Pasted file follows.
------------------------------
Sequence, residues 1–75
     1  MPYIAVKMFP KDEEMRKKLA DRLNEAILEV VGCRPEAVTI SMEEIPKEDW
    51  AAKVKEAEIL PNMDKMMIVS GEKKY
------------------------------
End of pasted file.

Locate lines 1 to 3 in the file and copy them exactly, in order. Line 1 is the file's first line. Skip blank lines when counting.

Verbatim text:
Sequence, residues 1–75
     1  MPYIAVKMFP KDEEMRKKLA DRLNEAILEV VGCRPEAVTI SMEEIPKEDW
    51  AAKVKEAEIL PNMDKMMIVS GEKKY